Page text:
Presentation on theme: "Oranges: crates & labels. History In the late 1800s, the baskets and barrels were used to ship fruit were unsatisfactory for sending oranges by railroad."— Presentation transcript:
Oranges: crates & labels
History In the late 1800s, the baskets and barrels were used to ship fruit were unsatisfactory for sending oranges by railroad car. After some experimentation, wooden orange crates were developed. Wooden orange crates were used until they were replaced by cardboard boxes in the ‘50s
The men used ladders to reach up into the trees. Curved clippers were used to trim the stem right down to skin; too long a stem would puncture other fruit, ruining it. The pickers dropped the fruit into bags worn over one shoulder. The bags could be opened at the bottom, to empty the fruit into the field boxes. The field boxes were then hauled to the packing house. For many years, horses and wagons were still used in the groves. They were lighter than trucks, and less likely to damage the roots of the trees.
At the packing house, fruit that was ready to be packed was run through a washer, then air dried. In later years, a light coating of natural wax would be applied, to help protect the moisture inside the fruit and improve its appearance.
From the moment the fruit entered the packing houses, it was being sorted for quality and size. The fruit was carried on conveyor belts to the grading tables, where workers would visually sort the fruit into three grades. The sorted fruit was then carried on belts to the packing tables. Packing oranges in the old days was an art. The top-grade fruit would be wrapped in printed tissue paper (a technique developed in the 1880s) and placed in the boxes so that the printed names showed between the slats. Beginning in the 1920s, the tissue wrappers were replaced with printed logos, and later stickers.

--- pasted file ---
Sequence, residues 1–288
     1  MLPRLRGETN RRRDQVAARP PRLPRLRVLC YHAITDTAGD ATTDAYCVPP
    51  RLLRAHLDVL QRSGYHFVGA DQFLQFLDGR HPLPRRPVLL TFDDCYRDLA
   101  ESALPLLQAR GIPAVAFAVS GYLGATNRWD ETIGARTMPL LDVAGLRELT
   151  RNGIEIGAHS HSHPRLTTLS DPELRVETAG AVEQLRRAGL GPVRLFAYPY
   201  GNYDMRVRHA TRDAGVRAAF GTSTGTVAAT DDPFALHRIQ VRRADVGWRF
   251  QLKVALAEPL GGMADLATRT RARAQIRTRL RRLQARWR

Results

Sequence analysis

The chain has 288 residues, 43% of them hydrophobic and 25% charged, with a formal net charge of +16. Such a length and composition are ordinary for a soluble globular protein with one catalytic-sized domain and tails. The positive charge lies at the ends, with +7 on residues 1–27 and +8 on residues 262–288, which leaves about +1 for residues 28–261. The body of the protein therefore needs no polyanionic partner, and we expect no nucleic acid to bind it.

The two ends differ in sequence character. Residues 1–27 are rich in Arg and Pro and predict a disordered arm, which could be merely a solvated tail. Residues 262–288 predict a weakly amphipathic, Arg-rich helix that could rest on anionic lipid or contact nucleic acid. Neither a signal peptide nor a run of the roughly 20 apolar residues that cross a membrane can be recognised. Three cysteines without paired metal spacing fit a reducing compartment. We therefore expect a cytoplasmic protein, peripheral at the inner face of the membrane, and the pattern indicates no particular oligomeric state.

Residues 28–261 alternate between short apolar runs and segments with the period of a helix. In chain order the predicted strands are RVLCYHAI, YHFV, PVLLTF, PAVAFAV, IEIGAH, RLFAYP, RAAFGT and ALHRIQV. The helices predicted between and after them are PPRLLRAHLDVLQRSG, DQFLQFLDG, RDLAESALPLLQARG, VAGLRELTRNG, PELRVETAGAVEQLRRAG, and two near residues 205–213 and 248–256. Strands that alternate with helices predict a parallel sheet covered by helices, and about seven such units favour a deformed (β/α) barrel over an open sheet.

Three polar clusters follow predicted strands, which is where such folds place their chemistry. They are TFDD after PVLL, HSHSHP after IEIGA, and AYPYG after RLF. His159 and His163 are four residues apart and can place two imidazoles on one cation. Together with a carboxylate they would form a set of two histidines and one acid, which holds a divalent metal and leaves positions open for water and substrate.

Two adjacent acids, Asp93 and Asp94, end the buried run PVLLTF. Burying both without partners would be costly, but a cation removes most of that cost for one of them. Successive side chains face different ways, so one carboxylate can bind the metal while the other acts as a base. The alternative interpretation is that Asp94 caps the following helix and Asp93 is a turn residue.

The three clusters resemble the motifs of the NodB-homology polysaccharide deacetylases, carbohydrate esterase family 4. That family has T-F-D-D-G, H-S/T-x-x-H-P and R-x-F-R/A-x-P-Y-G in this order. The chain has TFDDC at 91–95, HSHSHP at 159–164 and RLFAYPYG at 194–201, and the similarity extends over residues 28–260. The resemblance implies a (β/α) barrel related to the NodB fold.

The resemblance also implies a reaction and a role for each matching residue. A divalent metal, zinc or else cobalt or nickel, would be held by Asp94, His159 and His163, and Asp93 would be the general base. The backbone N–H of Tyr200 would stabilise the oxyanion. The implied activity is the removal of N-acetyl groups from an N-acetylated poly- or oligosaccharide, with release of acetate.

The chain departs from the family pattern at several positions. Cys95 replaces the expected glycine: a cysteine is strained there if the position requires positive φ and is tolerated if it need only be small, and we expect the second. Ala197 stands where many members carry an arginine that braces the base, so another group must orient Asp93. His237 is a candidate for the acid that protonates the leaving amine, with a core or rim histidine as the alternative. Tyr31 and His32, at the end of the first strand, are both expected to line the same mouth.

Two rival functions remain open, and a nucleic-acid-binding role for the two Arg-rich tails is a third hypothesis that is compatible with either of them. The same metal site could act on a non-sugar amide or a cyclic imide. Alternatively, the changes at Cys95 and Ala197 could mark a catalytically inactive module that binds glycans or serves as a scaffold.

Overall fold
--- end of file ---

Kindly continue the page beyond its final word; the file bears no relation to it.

Crates, manufactured in a rectangular shape measuring 12 x 12 x 27, were easy to handle and could be quickly loaded into a rail car. Stenciled labels were used on the crates at first, but failed to appeal to the wholesalers who purchased the oranges.
As a result, a colorful 10 x 11 inch label, which attracted the attention of the wholesaler and promoted the product, came into use.
Label themes The years from 1880 until after World War I are categorized as the naturalist period. During this time labels featured flowers, birds, animals and scenic views with a few historic themes. In 1920 labels began to stress the health benefits of oranges and orange juice. From 1930 until the mid- 1950s when the cardboard box took over, label designs featured graphic art with more lettering than illustrations.
Naturalist period. During this time labels featured flowers, birds, animals and scenic views with a few historic themes
Stressing the health benefits of oranges and orange juice.
Designs featured graphic art with more lettering than illustrations.